Before your mid-sixties, most people don’t think much about their balance, but this lack of attention could be harmful. Every year, one in three people over age 65 fall; and in 2009, more than 20,000 people in that age group died from falls. In fact, balance begins to decline progressively in your twenties unless steps are taken to prevent it.
The good news is, working on your balance as you age can pay major dividends in the long run. Just like cardiovascular exercise strengthens your heart, your body needs exercises to practice balance. Otherwise, you’ll slowly lose the ability to balance. Fortunately, some of these exercises are so simple you can practice them while you brush your teeth.
When was the last time you stood on one foot for more than two seconds? Try it for ten seconds then switch to the next foot. You can do this for several rotations in a two-minute tooth-brushing session.
Sit and stand
Besides helping with balance, this acts as a leg strengthener as well. Sit upright in a chair with your knees bent in a 90-degree angle. Fold your arms in front of you, and slowly stand up without the help of your hands. Sit down gradually again and repeat this several times.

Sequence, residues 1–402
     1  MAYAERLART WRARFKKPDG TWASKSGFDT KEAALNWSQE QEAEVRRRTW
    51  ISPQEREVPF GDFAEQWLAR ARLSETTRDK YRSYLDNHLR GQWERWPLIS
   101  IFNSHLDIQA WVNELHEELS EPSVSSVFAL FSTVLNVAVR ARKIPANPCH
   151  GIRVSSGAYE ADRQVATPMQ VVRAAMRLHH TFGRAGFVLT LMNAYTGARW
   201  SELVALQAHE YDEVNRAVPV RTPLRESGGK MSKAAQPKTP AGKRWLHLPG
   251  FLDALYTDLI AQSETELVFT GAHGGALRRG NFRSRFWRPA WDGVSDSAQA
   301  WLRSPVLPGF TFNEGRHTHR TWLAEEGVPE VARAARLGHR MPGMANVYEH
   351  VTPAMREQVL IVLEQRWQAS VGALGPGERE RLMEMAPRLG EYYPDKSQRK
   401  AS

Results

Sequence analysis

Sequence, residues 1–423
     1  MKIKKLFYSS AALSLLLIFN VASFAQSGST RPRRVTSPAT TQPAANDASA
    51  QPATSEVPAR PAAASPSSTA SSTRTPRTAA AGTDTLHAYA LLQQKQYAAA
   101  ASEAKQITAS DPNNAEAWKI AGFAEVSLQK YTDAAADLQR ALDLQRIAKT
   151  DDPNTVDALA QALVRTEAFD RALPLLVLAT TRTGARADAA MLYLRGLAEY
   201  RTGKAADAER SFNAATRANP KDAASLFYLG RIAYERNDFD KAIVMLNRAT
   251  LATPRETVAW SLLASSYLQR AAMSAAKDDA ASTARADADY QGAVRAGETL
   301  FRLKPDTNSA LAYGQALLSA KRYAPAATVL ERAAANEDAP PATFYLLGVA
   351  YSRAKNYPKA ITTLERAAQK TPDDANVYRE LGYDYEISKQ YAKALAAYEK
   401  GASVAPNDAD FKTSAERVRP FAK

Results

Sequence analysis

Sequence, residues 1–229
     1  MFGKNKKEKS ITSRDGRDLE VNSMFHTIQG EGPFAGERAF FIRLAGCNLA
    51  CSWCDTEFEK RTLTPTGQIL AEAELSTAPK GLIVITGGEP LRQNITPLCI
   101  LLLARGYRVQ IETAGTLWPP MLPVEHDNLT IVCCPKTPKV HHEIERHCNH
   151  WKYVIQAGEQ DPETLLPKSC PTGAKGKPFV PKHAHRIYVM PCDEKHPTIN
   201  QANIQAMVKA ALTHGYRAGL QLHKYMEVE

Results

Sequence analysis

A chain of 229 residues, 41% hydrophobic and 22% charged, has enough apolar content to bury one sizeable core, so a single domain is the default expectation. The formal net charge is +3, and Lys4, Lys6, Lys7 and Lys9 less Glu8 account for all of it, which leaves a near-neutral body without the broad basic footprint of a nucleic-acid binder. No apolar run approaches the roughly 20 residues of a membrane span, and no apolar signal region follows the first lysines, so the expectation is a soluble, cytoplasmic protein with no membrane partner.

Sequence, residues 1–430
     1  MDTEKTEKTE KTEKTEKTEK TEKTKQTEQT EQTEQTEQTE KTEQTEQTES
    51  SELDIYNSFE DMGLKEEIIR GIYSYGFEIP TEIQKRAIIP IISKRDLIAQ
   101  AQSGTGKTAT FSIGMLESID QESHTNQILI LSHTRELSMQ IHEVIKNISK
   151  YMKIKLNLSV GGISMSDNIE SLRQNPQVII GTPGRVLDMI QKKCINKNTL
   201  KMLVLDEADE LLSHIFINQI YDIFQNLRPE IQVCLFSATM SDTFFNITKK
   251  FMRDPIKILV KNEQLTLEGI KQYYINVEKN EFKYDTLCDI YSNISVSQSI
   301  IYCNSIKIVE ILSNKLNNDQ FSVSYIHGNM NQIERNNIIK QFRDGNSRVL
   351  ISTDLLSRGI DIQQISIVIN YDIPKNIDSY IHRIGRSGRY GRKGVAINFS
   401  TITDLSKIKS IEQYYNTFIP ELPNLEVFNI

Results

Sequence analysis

Walk the balance beam
Walk heel to toe across the floor like you are walking along a balance beam. You may feel silly, but this simple exercise can go a long way.
With your hands on your hips and your feet hip-width apart, step forward on one leg. As you do so, bend both knees until the front thigh is parallel to the floor and the lower leg is bent 90 degrees. Walk around the room doing this.
Learn Tai Chi
Originally a Chinese martial art, this ancient practice involves slow, balanced, low-impact movements done in sequences; it builds confidence, coordination, muscle strength and all-around fitness. The International Taoist Tai Chi Society can help you find instructors and classes in your area.
Like Tai Chi, Yoga is a gentle way to practice balance. It also has huge benefits in strength training and flexibility: all health benefits that are extremely important as the body ages.
If you’re particularly unstable, this is not the best exercise to start with, but some studies show jumping on a mini trampoline increased the ability to regain footing in a forward fall for older individuals.
There are some aspects of aging that can’t be avoided, but by practicing these habits, maintaining balance is one you can proactively fight.
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